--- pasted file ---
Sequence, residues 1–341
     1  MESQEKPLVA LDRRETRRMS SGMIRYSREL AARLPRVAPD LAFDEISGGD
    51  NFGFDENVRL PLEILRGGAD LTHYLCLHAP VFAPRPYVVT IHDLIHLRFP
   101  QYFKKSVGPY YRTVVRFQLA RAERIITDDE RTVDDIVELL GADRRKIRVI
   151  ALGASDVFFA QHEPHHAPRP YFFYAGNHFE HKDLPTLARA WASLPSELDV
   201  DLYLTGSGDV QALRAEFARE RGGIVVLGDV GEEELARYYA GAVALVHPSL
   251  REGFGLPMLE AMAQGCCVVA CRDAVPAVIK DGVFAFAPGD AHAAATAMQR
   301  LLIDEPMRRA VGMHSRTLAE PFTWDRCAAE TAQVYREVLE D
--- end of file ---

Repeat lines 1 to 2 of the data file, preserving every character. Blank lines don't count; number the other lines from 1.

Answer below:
Sequence, residues 1–341
     1  MESQEKPLVA LDRRETRRMS SGMIRYSREL AARLPRVAPD LAFDEISGGD